characters, such as Tex Shirley and Mike Kreevich. Sig Jakucki,
who went 13-9 with a 3.55 ERA that year, had as stated above,
was rediscovered pitching for a Houston industrial-league
out the staff were old men Nels Potter (who went 19-7 with a
2.83 ERA) and Denny Galehouse (9-10), and youngsters Jack Kramer
(who finished 17-13 with a 2.49 ERA) and Bob Muncrief (13-8).
The big hitters for the Browns were 23-year-old shortstop Vern
Stephens, who hit .293 and was second in homers with 20 and
first in RBI with 109, and Kreevich, the team's only .300 hitter
Louis won its first nine games of the season, and continued to
surprise the baseball world by hanging tough in a four-team race
with Detroit, Boston, and the Yankees. The race came down to the
final week, when the Browns defeated New York five times,
winning the pennant by 1 game over Detroit.
29, 1944 - The Yanks move to 2 1/2 games behind St. Louis
with a 1-0 win over Sig Jakucki. Walt Dubiel gives up 2 hits for
4, 1944 - Sig Jakucki‚ the Browns 34-year-old rookie‚
threw his 3rd shutout in 4 games‚ blanking the Athletics‚
4-0. Sig has given up 1 run in 27 innings. The win keeps the
Browns 1 1/2 games ahead of Boston. The A's win the nitecap‚
8-3‚ behind Hot Potato Hamlin‚ who strands 10 runners. Frankie
Hayes has a HR to tie for the AL lead with 9.
8, 1944 - At Washington‚ the Browns
edged the Nationals‚ 5-4‚ behind Sig Jakucki. Sig walked
7‚ including 3 intentional walks to Stan
Niggeling gives up 10 hits and strikes out 10 in losing to
26, 1944 - Sig Jakucki pitched the Browns
to a 1-0 win over the Red
Sox to keep St. Louis in 1st place.
1, 1944 - The Browns have their first sellout in 20 years‚
and their largest crowd ever‚ as 37‚815 pack Sportsman's
Park. St. Louis clinches the flag on the final day of the season
by sweeping the series with the Yankees and coming from behind
to win 5-2. The big blows are a pair of 2-run HRs by Chet
Laabs‚ off Mel Queen. Sig Jakucki was the winning pitcher.
Louis clinched the flag with victory over New York on two home
runs by Chet Laabs and one by Stephens. The Browns finished with
a record of 89-65, which was, at the time, the worst record ever
by an American League pennant-winner.
night before the pennant-winning game against the Yankees, Sig Jakucki,
who was the scheduled starter, was spotted by Browns' team
trainer Bob Bauman entering the team hotel with a bag of whiskey
bottles. Jakucki was a terrible drinker, and Bauman- seeing the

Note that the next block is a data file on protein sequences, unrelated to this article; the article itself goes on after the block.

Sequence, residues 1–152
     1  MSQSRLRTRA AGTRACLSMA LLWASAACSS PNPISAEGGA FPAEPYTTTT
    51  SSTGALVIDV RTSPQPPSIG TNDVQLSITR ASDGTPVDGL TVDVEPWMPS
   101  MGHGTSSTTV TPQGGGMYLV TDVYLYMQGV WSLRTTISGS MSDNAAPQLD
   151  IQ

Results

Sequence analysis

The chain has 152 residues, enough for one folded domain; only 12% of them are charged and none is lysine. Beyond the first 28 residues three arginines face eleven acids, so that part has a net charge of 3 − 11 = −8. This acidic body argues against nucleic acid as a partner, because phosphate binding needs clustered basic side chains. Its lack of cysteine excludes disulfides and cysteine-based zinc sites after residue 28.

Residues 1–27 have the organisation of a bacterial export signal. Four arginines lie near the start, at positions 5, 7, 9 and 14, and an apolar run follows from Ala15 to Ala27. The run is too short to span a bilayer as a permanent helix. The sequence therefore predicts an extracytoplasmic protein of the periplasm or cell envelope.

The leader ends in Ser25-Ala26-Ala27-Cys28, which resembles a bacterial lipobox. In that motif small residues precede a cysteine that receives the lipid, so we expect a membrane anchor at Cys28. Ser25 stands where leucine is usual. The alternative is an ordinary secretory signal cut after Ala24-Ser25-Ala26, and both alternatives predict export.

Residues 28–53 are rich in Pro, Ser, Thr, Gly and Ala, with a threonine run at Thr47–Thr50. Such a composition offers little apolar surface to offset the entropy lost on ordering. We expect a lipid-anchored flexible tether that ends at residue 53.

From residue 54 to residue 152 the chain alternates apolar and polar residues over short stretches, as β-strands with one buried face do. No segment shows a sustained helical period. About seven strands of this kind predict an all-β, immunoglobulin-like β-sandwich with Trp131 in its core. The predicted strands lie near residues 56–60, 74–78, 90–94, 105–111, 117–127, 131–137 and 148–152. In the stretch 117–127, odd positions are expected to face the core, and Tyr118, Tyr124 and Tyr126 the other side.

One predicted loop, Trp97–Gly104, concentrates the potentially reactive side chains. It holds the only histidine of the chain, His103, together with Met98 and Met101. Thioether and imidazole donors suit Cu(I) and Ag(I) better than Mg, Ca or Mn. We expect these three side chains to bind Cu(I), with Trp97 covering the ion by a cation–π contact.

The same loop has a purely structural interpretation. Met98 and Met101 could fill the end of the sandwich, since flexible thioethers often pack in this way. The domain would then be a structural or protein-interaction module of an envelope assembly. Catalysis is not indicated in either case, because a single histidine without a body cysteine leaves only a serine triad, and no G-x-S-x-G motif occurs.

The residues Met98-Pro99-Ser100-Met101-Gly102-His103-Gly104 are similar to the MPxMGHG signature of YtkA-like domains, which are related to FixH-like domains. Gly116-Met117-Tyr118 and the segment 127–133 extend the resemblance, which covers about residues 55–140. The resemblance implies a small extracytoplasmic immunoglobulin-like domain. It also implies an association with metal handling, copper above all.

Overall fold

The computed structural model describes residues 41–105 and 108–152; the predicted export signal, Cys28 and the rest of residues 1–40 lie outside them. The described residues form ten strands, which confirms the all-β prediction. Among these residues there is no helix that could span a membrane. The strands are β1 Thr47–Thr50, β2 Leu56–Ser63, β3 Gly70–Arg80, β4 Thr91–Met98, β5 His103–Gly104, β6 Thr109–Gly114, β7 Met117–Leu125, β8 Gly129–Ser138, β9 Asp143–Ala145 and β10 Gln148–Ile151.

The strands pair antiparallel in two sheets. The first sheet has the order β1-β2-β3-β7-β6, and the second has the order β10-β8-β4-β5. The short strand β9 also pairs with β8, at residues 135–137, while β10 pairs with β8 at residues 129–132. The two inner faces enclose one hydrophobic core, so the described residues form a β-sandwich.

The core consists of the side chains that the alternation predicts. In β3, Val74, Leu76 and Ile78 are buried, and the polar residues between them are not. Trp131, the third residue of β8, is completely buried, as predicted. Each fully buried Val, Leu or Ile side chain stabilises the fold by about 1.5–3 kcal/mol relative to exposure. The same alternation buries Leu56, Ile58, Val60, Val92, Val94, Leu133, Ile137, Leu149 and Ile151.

Browns' first pennant disappear in a Jakucki bender- accosted
the pitcher. "You're not going to take that to your
room", Bauman shouted. Jakucki resisted, and swore he would
not drink that night.
next morning, at the ballpark, Bauman immediately realized that
Jakucki had indeed been drinking. Jakucki defended himself: He
admitted he had promised not to have a drink the night before,
and insisted he hadn't. But, he added' "I didn't promise I
wouldn't take one this morning."
proceeded to outpitch the Yankees Mel Queen, and the Browns took
the game, 5-2. The Browns had won the pennant!
World Series was another story. Starting Game Four for the
Browns, Jakucki gave up a first inning single to Cardinal first
baseman Johnny Hopp. Stan Musial followed with a two run homer.
Jakucki was touched for another run in the third when Danny
Litwhiler scored on a Walker Cooper single. The Cardinals went
on to win the World Series in six games.
Browns were contenders the following season, but fell short for
a variety of reasons. Symptomatic of the Brown's 1945 season
were the events of June 19, 1945.
19, 1945 - At St. Louis‚ in what
will be dubbed the "Battle of the Dugouts"‚ the 8th
inning produces fireworks as the White
Sox score 4 runs to eventually win‚ 4-1. After reliever George
Caster is lifted‚ he fires the ball into the White
Sox dugout‚ prompting manager Jimmie Dykes to come out and
Mancuso tells Dykes to shut up Karl Scheel‚ a Sox bench
jockey who has been mercilessly "riding" the Browns.
When Dykes says you can find him in the dugout‚ a few Browns‚
led by Sig Jakucki and Ellis
Clary‚ do just that‚ giving a Scheel a "most
brutal" (according to Dykes, that is) pounding. The
ex-Marine required first aid but traveled with the team to
Cleveland. About 100 spectators milled onto the field to try and
see the action. In Cleveland‚ Dykes sent a telegram to Will
Harridge accusing Browns
Sewell with instigating the riot.
1945 Browns' also featured the big league's only one-armed
player, outfielder Pete Gray. Gray was not a particularly
popular fellow, and Sig Jakucki, who later wound up in prison,
was not always the kindliest of men, either. One story about the
two states that when Gray asked Jakucki if he might help him tie
his shoes, Jakucki replied, "Tie your own goddamned shoes,
you one-armed son of a bitch." The eventually got into an
argument one day and settled it with a fight. Jakucki agreed to
fight with one arm held behind his back.
Jakucki's final game was on August 29, 1945. He started at home
against the league-leading Detroit Tigers, but was taken out in
the third inning by manager Luke Sewell. He proceeded to get
very drunk that night, and showed up late and intoxicated the
next morning at Union Station in St. Louis, from where the
Browns were to travel to Chicago and beyond.
Brown's manager Luke Sewell's patience concerning Jakucki's